Tuesday, July 12, 2016

Being "White" Is Optional

There is no white race. Somebody just made it up. It’s a huge umbrella of cultures from Europe and other parts of the world. But, I often wonder, does a person who throws themselves under the umbrella of “white” in some way take credit for the accomplishments of someone like Bill Gates, Elon Musk, or Steve Jobs?

Do they say to themselves. “Yes, that’s one of us/I’m one of them”. Meanwhile, they look at someone from a minority group and say “Oh, look at them. They’re not one of us. If only they had an Elon Musk.”

You can pick and choose who’s “white”. You can decide to exclude Hitler, but include Carl Sagan into the identity narrative. Exclude Stalin, but include Einstein. However, when you’re “Black” in America you don’t have the option of opting out, or being opted out. You wake up that way, and only that way.

Racism in America is ultimately about how people look.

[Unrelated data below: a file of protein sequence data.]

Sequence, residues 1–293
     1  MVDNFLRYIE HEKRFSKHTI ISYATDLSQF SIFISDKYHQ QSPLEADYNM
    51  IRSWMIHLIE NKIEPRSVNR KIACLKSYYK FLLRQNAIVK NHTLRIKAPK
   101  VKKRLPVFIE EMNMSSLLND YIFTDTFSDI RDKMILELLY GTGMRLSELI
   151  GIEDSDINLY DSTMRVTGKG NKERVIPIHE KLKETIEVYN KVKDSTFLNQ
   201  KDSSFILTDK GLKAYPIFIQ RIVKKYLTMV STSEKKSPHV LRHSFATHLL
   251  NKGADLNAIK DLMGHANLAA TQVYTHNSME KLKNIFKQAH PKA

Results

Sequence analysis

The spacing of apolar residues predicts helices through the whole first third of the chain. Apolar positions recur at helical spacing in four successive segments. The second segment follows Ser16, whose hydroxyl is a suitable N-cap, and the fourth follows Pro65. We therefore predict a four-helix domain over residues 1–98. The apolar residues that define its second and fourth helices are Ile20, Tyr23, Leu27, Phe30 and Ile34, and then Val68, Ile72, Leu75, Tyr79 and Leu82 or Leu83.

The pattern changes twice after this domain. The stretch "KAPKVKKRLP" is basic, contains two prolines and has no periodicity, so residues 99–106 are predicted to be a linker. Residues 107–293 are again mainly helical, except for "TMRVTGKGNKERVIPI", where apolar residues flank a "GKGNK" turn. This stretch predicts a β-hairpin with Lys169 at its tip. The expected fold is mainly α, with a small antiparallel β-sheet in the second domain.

And, there are college educated people who will say about discrimination “But, it’s always been that way.” To which I satirically ask “So, then let’s continue to be that way?”

In the news: Twelve officers were shot, five killed in Dallas TX by a sniper. - A Pokemon application craze is at full tilt.

Thursday, April 14, 2016

I Will Matter To You

Paying attention to politics means having to fill my mind with the image and sound of many awful people. A corrupt politician holds my mind hostage in a sense, because if I'm going to try to understand or even help the situation I have to know a good deal about them and what's going on.

These are people I'd rather avoid. Cross the street if I saw them coming. But, they've carved out places for themselves between my resources and I, between my future and I, essentially forcing me to know their name and face, as if I “loved” them or held their mental image in my mind by choice.

Fortunately I've learned how to skim articles for key information, and how to play video exposes at a faster speed than normal.

For the most part, politics in this country is too-often a car accident that I can't look away from, on a highway that I can't realistically exit.

At the risk of some online displaying their values by pointing out that what I'm about to say sounds shallow and materialistic.

Why are there no highly attractive politicians? I'll tell you why. It's because if any of these opportunistic fucks were any better looking, they'd get the hell out of there ASAP.